How to Assess the Technical Capability of Your Contract Manufacturer

PATTY RASMUSSEN| June 26, 2017
HOW TO ASSESS THE TECHNICAL CAPABILITY OF YOUR CONTRACT MANUFACTURER
You think you've finally discovered a company to manufacture your product and you are eager to get production started! But how can you be sure this manufacturer is properly outfitted to produce quality goods to meet your customer’s standards? In other words, how can you assess a manufacturing company's technical capability?

Spotlight

Nora Lighting, Inc.

Nora Lighting is among the industry’s leading designers and suppliers of LED, CFL , CMH, Low Voltage, and Incandescent energy-efficient lighting systems for commercial, architectural, retail, hospitality, healthcare, educational and residential applications. Nora products have become benchmarks for innovation, quality and new energy-efficiency standards and include an exceptional line of recessed, track, Rail, and multiple lighting systems, sconces, pendants, under cabinet, linear and accent lighting, emergency and exit lighting. All product groups now feature state of the art LED sources. Products include LED recessed architectural, commercial, residential and retrofit series, standard, high output, and color changing LED tape light, LED panels, LED lightbar, LED Undercabinet, LED puck, LED track and LED pendants.

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The Factory of the Future

Article | December 2, 2021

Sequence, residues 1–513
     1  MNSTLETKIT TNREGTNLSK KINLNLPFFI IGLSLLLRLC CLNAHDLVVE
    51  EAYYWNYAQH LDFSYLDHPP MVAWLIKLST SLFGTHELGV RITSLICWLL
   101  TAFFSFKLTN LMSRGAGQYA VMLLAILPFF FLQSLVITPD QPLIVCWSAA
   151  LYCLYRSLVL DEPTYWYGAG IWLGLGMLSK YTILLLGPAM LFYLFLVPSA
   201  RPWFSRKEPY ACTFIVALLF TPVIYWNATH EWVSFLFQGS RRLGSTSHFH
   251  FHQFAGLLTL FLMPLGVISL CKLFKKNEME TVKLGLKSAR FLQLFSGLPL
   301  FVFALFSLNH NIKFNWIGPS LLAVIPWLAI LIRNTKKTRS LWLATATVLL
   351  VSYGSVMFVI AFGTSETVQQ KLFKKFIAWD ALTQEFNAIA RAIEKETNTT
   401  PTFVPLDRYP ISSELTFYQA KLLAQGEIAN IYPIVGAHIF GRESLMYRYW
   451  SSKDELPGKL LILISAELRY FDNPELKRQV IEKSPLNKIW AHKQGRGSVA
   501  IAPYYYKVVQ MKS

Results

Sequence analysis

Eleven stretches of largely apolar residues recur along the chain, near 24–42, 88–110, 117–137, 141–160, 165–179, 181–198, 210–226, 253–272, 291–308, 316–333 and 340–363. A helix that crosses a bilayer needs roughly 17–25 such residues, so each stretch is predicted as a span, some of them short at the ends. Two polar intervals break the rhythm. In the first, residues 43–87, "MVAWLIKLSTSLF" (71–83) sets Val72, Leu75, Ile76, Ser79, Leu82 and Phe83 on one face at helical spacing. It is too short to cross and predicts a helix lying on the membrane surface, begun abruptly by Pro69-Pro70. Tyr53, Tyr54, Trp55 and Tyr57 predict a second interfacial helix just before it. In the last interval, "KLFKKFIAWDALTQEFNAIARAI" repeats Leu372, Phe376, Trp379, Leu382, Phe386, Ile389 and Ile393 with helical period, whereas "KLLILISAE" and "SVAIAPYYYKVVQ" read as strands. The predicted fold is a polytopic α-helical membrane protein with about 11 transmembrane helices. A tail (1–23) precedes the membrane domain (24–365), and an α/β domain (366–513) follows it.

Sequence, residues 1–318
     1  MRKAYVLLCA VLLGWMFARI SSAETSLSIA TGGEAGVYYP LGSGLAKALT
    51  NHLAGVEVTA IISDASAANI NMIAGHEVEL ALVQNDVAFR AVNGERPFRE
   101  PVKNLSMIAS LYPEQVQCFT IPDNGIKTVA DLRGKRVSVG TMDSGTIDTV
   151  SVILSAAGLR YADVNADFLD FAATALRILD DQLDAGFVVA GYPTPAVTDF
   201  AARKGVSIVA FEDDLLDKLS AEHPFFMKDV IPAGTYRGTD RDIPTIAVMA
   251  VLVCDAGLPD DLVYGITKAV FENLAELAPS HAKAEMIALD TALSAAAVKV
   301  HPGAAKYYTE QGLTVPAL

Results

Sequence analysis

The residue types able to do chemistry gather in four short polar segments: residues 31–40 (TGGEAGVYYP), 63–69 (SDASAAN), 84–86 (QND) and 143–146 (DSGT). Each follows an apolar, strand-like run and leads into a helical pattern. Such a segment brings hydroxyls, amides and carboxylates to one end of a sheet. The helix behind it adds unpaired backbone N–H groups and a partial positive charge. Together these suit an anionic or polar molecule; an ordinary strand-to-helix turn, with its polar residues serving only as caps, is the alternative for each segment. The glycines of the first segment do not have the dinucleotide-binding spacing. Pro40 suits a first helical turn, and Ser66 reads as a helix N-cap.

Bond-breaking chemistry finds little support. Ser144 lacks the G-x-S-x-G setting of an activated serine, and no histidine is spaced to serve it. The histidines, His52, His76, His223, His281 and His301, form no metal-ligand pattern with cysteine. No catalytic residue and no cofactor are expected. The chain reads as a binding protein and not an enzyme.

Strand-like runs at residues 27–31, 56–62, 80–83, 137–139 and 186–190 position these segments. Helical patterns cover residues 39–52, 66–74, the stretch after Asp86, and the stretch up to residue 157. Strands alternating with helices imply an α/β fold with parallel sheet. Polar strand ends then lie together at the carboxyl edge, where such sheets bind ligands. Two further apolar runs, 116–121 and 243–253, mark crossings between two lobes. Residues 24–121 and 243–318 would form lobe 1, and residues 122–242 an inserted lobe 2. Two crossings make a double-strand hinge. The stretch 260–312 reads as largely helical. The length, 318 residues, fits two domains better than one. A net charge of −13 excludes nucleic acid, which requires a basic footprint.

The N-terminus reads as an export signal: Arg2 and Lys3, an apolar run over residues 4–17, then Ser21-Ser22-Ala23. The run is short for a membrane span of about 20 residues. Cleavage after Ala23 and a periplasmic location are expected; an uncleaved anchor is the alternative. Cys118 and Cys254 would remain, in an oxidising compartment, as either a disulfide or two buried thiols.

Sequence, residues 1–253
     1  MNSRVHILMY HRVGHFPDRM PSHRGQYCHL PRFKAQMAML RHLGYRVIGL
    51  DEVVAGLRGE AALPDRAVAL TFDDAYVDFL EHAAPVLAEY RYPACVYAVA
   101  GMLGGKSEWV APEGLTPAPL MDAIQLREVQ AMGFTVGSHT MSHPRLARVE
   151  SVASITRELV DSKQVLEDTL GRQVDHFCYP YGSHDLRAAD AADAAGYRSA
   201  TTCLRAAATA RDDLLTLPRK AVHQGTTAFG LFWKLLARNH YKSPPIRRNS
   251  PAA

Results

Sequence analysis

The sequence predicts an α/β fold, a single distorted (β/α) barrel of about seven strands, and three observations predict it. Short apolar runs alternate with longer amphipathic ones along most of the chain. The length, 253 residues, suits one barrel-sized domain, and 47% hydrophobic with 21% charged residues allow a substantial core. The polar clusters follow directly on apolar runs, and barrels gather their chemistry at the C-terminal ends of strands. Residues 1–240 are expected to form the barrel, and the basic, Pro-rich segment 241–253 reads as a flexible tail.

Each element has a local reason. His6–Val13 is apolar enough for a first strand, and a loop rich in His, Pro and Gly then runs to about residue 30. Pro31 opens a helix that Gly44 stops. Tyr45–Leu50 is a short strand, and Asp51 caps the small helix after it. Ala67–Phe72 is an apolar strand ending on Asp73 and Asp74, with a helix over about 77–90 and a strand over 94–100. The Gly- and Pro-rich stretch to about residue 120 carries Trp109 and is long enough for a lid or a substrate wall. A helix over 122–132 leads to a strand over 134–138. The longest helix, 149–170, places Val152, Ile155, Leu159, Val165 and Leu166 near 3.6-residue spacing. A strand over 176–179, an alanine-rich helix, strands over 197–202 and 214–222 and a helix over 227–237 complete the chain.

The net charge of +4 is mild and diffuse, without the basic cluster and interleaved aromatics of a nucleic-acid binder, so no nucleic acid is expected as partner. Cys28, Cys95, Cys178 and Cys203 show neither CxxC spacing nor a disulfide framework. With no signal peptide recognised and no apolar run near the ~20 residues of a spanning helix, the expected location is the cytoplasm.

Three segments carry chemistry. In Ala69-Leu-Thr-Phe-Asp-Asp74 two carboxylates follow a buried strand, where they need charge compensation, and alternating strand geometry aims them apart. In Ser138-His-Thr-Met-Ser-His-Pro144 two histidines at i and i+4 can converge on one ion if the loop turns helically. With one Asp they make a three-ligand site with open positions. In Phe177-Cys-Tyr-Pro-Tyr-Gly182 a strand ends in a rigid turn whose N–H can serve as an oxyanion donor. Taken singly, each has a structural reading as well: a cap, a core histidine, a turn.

The world of manufacturing is continuously evolving in the 21st century, and companies have to combat competition, altering consumer demands, and unexpected events to be able to deliver in today’s experience. Global connectivity, innovation, and disruption are all reshaping the manufacturing industry, but a world-class business platform can help companies transform operations digitally to keep up with an evermore digitized world. The factory of the future will allow manufacturers to enhance production through the convergence of information technology with factory operations, combining the effectiveness of the virtual world with the materiality of the physical world to lower costs, increase flexibility, and better meet customer expectations. The factory of the future functions on four dimensions: resource planning, manufacturing planning, planning and optimization, and manufacturing operations. Resource planning involves defining and simpulating the plant layout, flow, assets, and resources needed to efficiently develop products in a safe environment. Normal production change requests can be quickly validated by using 3D virtual experience twin technology. This technology could also quickly pivot operations to alternative products in the case of disruptive events. Manufacturing planning enriches the resource and product definition by defining and validating a process plan and creating work instructions that meet production goals. Digital visualization of resource and process changes can also help speed up time-to-production in any scenario no matter the location by leveraging the cloud. Planning and optimization of supply chains across planning horizons will help manufacturers gain visibility with planning and scheduling by having the ability to model, simulate, and optimize alternative supply and production plans to reduce disruptions. Lastly, manufacturing operations management can transform global production operations to attain and maintain operational excellence. Manufacturers can create, manage, and govern operational processes on a global scale while maintaining operational integrity to meet altering demands. For the factory of the future to come about successfully, there needs to be connected technology and shared data. Technology has to be adaptable with robotics and equipment that can be reconstructed to house changes and new products. An AI-powered product demand simulation is necessary to maintain agility and boost productivity. A versatile, cross-functional workforce with the ability to explicate data and function well in AR environments is also required along with smart factory technology such as wearable sensors and virtual prototypes. Through all this, the factory of the future can connect technologies across the product life cycle while optimizing the workforce and increasing sustainability. Although achieving the factory of the future has several benefits, creating a feasible factory of the future plan can be challenging. In 2018, only 12% of companies had a mature factory of the future plan. One of the main challenges that companies face is a lack of internal skills to devise digital solutions. However, this can be combated by carefully considering how you can utilize digital technologies to deliver improved performance, resiliency, and flexibility. It is easier to begin with small steps and to collaborate with a partner who could support your efforts to build toward your desired transformation goal. It is important to always be prepared by evaluating your next steps, industry trends, and progress metrics. It is also crucial to focus on the people, process, and technology you’re using to have a successful transformation journey. Manufacturing with the factory of the future can provide savings in a wide range of categories. For example, it can reduce virtual vehicles build time by 80%, increase on-time performance of industrial equipment by 45%, and reduce modular construction time of construction, cities, and territories by 70%. Leading the transformation of the manufacturing space towards the direction of the factory of the future will allow manufacturers to work smart and better meet the needs of the end consumers.